Musicologists Find the Reason Composers Can't Resist Instrumental Solos

Given a multitude of instruments, why would they choose just one?


From the elaborate piano breakdown in Eric Clapton’s “Layla” to the guitar solo in the Beatles’ “While My Guitar Gently Weeps,” the instrumental solo is an iconic part of pop. But to a musicologist, it doesn’t quite make sense: Given an orchestra full of instruments to use, why would a composer only use just one? Niels Chr. Hansen Ph.D. of The Ohio State University investigated this musical conundrum in a recent Music Perception paper, concluding that instrumental solos might be an especially effective tool for a particular kind of emotional manipulation.

In the study, published in early July, Hansen, a postdoctoral researcher at Ohio State’s Cognitive and Systematic Musicology Laboratory, studied 330 orchestral excerpts to see whether there’s a link between instrumental solos and one particular emotion — sadness. “The idea came up because a lot of previous studies have looked at linking musical parameters like melody, rhythm, and harmony to the acoustic features associated with sadness,” Hansen says. What he and co-author David Huron, Ph.D. wanted to know was how and whether instrumentation — specifically, solo instrumentation — was used to do the same. There is, after all, something especially sad and lonely about the sound of a solo instrument.

“In a way, it seems like a bit of a paradox that a composer would ever decide to feature just a single instrument when he or she has a whole symphony orchestra of 80-100 highly skilled professional musicians just sitting there!” says Hansen.

So, Hansen and Huron, a professor of music, set to work characterizing 330 random excerpts from orchestral songs that did or did not contain an instrumental solo. Those same songs were also appraised for sadness using seven sadness-related factors, which included the use of a minor key, tempo, soft or loud dynamics, and instrumental articulation, among others. Comparing the two data sets showed that 74 percent of excerpts classified as “sad” or “relaxed” contained solos — that’s twice as the number of solos in non-sad excerpts (only 37 percent).

To further define the relationship, the team looked at whether those seven sadness-related characteristics could be used to predict whether a song would have a solo or not. Sure enough, they generally did — smooth, joined-together notes (legato articulation) and quiet dynamics were most tightly linked — underscoring the existence of a link between the use of instrumental solos and musical sadness. And this relationship doesn’t just apply to orchestral music.

To anyone who’s listened to the haunting guitar riff in Led Zeppelin’s “Stairway to Heaven” or the brain-melting solo at the end of “Hotel California,” the inherent connection between sadness and a solo instrument is a no-brainer. But describing that relationship in concrete terms isn’t quite as easy. Hansen’s theory is that the reason solo instruments are so good at conveying sadness in all kinds of music is because the sound of a single intstrument mirrors the isolation we impose on ourselves when we are sad.

“If you think of the times that we feel sad as human beings, it is most often when we are alone,” he says, noting evolutionary psychology research showing that isolation is necessary for self-reflection. “[The] sound of a single instrument might remind us of situations in our own lives where we have been lonely or sad (and therefore may have isolated ourselves).”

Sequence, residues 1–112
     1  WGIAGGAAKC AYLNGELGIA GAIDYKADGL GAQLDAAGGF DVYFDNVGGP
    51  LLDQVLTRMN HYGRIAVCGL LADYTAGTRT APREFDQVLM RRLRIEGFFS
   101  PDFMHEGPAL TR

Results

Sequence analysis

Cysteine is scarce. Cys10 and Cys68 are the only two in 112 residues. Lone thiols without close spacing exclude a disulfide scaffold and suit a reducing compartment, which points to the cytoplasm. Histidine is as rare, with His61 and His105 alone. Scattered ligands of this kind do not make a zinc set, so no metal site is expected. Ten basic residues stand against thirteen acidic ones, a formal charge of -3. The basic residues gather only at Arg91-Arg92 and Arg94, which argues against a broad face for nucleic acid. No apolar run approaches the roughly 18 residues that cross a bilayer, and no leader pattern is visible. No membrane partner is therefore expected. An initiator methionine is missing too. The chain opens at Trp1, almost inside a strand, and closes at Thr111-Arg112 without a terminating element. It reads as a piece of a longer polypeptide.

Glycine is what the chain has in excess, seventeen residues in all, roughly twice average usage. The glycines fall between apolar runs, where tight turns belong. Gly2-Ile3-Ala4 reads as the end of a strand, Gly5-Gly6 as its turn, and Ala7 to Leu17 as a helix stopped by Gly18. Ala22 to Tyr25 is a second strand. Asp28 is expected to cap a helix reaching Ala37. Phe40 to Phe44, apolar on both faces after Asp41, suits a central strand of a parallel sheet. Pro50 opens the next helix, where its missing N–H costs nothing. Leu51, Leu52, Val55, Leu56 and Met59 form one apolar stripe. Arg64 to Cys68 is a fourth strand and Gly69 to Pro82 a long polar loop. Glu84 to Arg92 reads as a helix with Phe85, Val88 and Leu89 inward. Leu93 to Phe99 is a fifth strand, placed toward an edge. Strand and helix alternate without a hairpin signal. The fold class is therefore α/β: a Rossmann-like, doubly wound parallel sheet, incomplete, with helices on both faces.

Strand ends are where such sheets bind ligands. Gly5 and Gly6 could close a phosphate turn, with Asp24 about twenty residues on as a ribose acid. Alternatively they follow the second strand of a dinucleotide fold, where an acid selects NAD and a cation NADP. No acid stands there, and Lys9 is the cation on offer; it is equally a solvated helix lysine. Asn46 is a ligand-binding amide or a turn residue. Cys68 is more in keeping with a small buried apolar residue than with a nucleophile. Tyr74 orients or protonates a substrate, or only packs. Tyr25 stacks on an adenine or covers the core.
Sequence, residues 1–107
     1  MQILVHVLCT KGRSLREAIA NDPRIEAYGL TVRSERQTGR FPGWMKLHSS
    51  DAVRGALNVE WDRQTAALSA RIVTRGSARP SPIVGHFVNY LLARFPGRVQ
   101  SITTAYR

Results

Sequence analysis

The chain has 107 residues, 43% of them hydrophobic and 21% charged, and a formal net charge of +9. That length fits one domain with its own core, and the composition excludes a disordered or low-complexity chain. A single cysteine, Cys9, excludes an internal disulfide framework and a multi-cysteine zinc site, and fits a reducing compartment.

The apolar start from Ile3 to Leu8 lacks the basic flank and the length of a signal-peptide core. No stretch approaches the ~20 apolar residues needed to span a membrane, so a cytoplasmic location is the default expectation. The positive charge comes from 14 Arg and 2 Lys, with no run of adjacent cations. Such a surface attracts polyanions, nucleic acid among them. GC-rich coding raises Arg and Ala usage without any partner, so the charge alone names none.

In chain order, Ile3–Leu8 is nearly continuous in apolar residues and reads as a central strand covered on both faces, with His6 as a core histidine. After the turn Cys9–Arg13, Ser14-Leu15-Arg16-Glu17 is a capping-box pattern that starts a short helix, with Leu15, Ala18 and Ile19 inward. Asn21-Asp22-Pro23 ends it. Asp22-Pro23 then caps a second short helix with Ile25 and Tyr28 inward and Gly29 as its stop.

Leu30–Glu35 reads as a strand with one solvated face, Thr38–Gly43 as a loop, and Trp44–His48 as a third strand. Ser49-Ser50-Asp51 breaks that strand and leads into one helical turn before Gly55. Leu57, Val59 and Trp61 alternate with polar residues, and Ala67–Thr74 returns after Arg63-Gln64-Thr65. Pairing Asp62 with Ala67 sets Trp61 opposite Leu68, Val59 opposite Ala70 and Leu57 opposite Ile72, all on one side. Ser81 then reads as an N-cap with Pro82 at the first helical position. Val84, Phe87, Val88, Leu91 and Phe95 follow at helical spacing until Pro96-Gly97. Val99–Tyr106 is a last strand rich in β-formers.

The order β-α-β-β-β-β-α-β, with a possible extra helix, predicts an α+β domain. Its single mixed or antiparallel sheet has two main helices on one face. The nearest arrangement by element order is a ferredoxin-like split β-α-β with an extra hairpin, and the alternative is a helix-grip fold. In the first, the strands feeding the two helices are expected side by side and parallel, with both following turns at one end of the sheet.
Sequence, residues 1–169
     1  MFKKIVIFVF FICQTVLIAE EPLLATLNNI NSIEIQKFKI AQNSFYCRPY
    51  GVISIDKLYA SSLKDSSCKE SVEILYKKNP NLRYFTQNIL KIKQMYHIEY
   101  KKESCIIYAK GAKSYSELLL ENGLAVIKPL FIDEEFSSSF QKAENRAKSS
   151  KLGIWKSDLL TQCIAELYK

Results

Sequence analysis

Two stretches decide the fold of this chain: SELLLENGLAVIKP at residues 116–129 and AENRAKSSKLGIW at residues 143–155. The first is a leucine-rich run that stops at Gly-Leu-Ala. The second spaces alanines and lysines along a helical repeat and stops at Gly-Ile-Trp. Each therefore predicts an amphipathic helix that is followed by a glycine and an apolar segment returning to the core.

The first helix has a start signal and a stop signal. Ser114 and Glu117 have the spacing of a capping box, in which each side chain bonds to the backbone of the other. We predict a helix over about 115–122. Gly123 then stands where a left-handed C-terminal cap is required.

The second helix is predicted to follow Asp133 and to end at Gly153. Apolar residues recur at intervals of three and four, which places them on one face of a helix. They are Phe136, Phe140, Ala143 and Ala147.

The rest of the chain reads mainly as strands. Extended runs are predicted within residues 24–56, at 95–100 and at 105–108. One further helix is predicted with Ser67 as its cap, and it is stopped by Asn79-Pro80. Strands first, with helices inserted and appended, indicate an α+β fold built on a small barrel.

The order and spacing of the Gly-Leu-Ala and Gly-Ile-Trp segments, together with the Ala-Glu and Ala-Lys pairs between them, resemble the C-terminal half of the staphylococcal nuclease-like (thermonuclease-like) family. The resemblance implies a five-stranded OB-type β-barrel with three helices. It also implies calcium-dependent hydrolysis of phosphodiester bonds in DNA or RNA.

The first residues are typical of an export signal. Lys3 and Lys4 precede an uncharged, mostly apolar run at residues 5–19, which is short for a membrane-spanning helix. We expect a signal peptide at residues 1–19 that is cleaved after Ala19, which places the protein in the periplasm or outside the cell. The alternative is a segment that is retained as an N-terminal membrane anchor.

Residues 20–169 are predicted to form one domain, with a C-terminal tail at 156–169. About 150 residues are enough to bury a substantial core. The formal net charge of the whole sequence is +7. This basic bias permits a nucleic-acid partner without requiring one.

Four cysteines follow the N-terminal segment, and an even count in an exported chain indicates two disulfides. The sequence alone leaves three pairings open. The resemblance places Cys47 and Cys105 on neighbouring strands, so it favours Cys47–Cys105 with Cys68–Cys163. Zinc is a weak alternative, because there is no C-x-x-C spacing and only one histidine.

Supporting this idea, previous research on the musical qualities that convey sadness has also suggested that they mimic the way humans speak when they’re sad: quietly and slowly, in a low pitch range that allows for little else than mumbled and monotone articulation. “A single instrument will also require less energy overall and produce quieter sounds that are more similar to the features of sad speech and sad music,” says Hansen. Even the wailing of a bending guitar string (he recommends you check out Gary Moore’s “Still Got the Blues”) can mimic the sound of a human crying.

The melancholic sadness that instrumental solos symbolize isn’t the same thing as grief, he points out. “This low-arousal state is very different from the high-arousal state of grief where you will be loudly crying to attract the attention of others around you who might be able to help you. That is very different from sadness.” The distinction is what you might hear in the difference between Adele’s unabashed gut-wrencher “Someone Like You” and the more subdued sadness of Frank Ocean’s “Bad Religion.”

Of course, in the vast canon of music you’re bound to find instrumental solos meant to convey emotions other than sadness, or even those deployed for purely structural reasons. The ecstatic sax solo in Carly Rae Jepsen’s “Run Away With Me” is all the proof you need. Though solos are particularly useful for awakening our love of sad music, they’re also good for musicians to simply show off.

“Just like in classical music, solos can also be used to show the virtuosity of a given performer, as formal transitions bridging the way to new sections, or simply to break the monotony of constantly changing between the verse and the chorus,” says Hansen.

“If you think about it, the hooks of many popular songs are actually parts of instrumental solos that are repeated again and again. Such passages are rarely sad.”

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